In this issue, we bring in some exciting knowledge to our readers. We are observing global migration/mix-up like never before, and this has a significant impact on mental health, which is excellently highlighted in one of the articles on this topic. We have another article on drug induced allergies, which I think is of grave concern globally. The lack of extensive pharmacology knowledge among many clinicians and unwillingness to update this knowledge as part of continuous professional development has led to unscrupulous use of various medicines including antibiotics, which has several undesired collateral effects such as drug-drug interactions, drug-induced allergies and drug resistance. If adequate and timely interventions are not made, we may end up with more problems from the problem solvers. The rigorousness for any scientific study is based on the rigorousness of the methods used. Reflecting this, we have in this issue included a few articles describing novel methods and techniques. We have also included a few articles on genetics, clinical trials, epidemiology and clinical biochemistry in this issue, thus further diversifying the scope of JNSBM for our broad readership audience. Just-like the unscrupulous use of the drug, the abuse of pesticide use is another major concern pandemically to the environment in general and all forms of fauna and flora in the population. Touching this issue is an article reporting pesticide use pattern in a rural district of West Bengal in India. Adulteration in food products is also a major issue concerned to the health. As consumers, we have the right to know what we consume and the product label must clearly describe products actual contents. There have been some serious issues on this topic effecting international trade in the recent times. For instance, the issue of horsemeat in beef products, certain coloring agents use in frizzled drinks and use of unsafe stabilizers in dairy products to name a few. Describing this vital issue on adulteration is an article on the use of tallow products in cow ghee, which we believe will be valuable in improving consumer awareness. With the depleting natural resources and fossil fuels, extensive research is on-going to identify alternate fuel sources. To this effect, we have an article in this issue reporting microalgae from natural habitats as source of biomass and biodiesel. Although biodiesel has several technical limitations currently, it would be a matter of time and extensive research investment, which will help the mankind to be ready and prepared with such alternatives. In addition to this, we also have several articles on interesting topics such as biomedical waste management, placental changes during gestational hypertension, glass ionomer cements for dental application, bone marrow injection for therapy of tennis elbow, emerging spectrums of opportunistic infections, and dental anxiety to name a few.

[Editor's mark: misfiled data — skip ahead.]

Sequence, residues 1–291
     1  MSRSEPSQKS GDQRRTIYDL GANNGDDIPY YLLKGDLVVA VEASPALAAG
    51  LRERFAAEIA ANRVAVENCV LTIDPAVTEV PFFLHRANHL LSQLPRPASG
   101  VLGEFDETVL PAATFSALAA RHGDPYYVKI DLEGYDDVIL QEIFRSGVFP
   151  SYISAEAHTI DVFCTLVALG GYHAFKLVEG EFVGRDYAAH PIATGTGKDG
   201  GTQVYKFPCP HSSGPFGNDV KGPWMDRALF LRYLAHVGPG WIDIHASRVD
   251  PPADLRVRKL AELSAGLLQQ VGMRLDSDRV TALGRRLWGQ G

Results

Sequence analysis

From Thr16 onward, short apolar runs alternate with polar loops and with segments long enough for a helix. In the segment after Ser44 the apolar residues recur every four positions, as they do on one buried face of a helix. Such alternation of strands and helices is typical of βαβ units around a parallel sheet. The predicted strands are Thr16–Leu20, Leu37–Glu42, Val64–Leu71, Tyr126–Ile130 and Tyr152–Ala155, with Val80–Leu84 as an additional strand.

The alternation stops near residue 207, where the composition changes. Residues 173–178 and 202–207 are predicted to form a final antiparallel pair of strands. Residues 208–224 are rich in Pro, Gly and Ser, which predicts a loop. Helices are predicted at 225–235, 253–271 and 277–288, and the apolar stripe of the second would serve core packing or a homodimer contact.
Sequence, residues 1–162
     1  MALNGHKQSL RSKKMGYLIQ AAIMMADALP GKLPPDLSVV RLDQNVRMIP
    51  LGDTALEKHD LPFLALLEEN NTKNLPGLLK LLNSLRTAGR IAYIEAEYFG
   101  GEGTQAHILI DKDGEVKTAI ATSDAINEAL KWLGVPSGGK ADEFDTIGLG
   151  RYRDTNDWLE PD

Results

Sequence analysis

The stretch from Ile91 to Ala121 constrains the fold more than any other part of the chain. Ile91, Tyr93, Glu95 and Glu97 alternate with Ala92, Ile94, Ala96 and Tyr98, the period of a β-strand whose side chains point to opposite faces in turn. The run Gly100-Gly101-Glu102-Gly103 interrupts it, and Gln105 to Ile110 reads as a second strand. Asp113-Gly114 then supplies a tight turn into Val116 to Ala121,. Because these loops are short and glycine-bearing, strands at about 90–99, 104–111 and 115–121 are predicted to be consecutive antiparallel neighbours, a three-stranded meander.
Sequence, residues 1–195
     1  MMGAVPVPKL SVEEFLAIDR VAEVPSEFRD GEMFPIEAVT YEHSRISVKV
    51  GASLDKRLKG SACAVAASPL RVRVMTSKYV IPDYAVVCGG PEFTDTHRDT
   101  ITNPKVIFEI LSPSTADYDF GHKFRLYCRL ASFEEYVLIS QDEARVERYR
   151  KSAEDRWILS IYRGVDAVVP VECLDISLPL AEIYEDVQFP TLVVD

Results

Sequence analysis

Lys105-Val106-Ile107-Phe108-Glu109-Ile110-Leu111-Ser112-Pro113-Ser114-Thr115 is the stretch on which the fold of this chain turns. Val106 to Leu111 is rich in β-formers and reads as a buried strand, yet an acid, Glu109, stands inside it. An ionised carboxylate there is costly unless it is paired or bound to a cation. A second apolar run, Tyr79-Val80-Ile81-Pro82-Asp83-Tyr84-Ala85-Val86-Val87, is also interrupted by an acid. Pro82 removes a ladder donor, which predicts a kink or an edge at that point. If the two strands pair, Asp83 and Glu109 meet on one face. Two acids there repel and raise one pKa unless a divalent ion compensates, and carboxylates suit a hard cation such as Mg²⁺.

In our clinical reports section, we have included interesting clinical cases in the area of benign breast cysts, oral rehabilitation, thalassemia, Hodgkin's lymphoma, amlodipine-induced granuloma, and bilateral septic arthritis of the knee, laparoscopic hemi-nephrectomy and many more. Enjoy reading the issue and gain from the enormous knowledge.


1Kumar AH. Anatomy and physiology of peer review process, can it be unbiased? J Nat Sci Biol Med 2014;5:1-2.
2Kumar AH. Rise in polluters of scientific research: How to curtail information pollution (infollution). J Nat Sci Biol Med 2013;4:271.